2. "because of a line about everyone being entitled to the right to privacy"

    It's worse than that - it's all from the two word phrase "due process" in the 14th amendment that was supposed to ensure basic fairness for black people

  3. If Trump had the courage to declare a decision of the SCOTUS Unconstitutional or a Law Unconstitutional, there might be a (slight) chance that we could restore the equal and separate powers of the three branches.

    Our govt is not separate and equal if only the SCOTUS has the power to declare Unconstitutional the acts of the other two branches.

    Trump could declare a SCOTUS decision Unconstitutional and then send out Jeff Sessions to explain that what Trump did was to restore the Constitution to the people (for whom it was written) for future elections would decide how the Constitution was to be interpreted and applied because the people would elect national politicians who would have to give reasons for their support or rejection of specific constitutional powers, rights, etc.

    Of course that would never be done in America because the establishments truly does think we are deplorable.

    1. I believe Congress can pass a law taking any particular issue out of the purview of the Supreme Court, rendering its decisions on that particular issue null and void. None the less as Clarence Thomas wrote last fall in response to a decision made by the Ginsburg side of the court "why don't you just stop pretending that your decisions are based on the Constitution".

  4. "the U.S. Supreme Court to saw that the American constitution, which is written in plain English, commands that abortion be legal throughout the land because of a line about everyone being entitled to the right to privacy."

    There is no right to privacy mentioned in the Constitution either.

    A "right to privacy" was construed from "emanations from the penumbra" of other rights mentioned in the Constitution.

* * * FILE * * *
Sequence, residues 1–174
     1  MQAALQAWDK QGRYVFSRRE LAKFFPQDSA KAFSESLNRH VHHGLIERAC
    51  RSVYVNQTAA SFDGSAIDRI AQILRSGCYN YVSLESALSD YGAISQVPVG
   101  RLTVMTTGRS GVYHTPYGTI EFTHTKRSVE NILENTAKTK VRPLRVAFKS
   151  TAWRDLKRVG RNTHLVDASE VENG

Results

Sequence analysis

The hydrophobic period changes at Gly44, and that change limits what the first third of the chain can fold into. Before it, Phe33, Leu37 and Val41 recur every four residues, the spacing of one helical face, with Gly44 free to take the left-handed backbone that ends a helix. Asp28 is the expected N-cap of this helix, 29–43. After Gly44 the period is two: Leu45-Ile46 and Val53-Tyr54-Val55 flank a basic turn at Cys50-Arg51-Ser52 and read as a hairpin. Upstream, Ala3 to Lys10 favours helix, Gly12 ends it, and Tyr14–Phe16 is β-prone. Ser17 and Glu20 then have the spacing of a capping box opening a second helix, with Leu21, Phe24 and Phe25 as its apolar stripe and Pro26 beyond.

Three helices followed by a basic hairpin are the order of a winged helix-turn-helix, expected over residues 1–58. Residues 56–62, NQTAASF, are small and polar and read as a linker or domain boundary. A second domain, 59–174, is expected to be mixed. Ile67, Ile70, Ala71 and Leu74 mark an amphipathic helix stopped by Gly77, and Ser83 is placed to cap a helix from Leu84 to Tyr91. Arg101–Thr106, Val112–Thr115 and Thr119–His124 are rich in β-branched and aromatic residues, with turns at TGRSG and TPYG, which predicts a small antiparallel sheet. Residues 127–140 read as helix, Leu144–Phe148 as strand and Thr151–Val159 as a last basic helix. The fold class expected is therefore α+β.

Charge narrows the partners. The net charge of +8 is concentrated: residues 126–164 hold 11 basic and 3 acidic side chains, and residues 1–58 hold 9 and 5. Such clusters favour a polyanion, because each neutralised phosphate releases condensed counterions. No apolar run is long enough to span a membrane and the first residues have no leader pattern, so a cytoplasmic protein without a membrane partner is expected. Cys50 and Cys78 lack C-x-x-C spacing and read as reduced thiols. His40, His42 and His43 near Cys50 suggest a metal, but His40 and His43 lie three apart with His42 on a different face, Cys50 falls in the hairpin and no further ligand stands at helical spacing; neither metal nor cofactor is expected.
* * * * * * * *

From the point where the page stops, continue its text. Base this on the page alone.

Basically, privacy was claimed to be "in the spirit" of other rights that are explicitly mentioned, even though privacy itself is not.

    Now, the Ninth Amendment in the Bill of Rights does say "The enumeration in the Constitution, of certain rights, shall not be construed to deny or disparage others retained by the people" and I suppose privacy might be one of those "other" non-enumerated rights being alluded to. The point of the ninth amendment is that it is impossible to list or account for all rights comprehensively, but that doesn't mean the people don't have them under the Constitution or Nature.

    But abortion was a double leap. There is no "line about privacy." First privacy was inferred, then abortion was inferred under that.

  5. Madmonarchist, I'm curious, as I don't recall you ever specifically posting about it, but do you prefer Absolute or constitutional monarchies? Believe it or not Russia is the first country that comes to mind when I think of monarchy (I know most people probably think of Britain). Even though Putin is doing some good things, I would love to see a Romanov having absolute reign over Russia again, that is if the Romanovs haven't been infected by the virus of liberal modernity.

    1. My preference is for traditional absolute (but not arbitrary) monarchies, however I prefer a constitutional monarchy to no monarchy at all and you also have to take into consideration the country in question. Britain, for example, could probably never be an absolute monarchy. Russia, on the other hand, is hard for me to imagine as anything other than an absolute monarchy.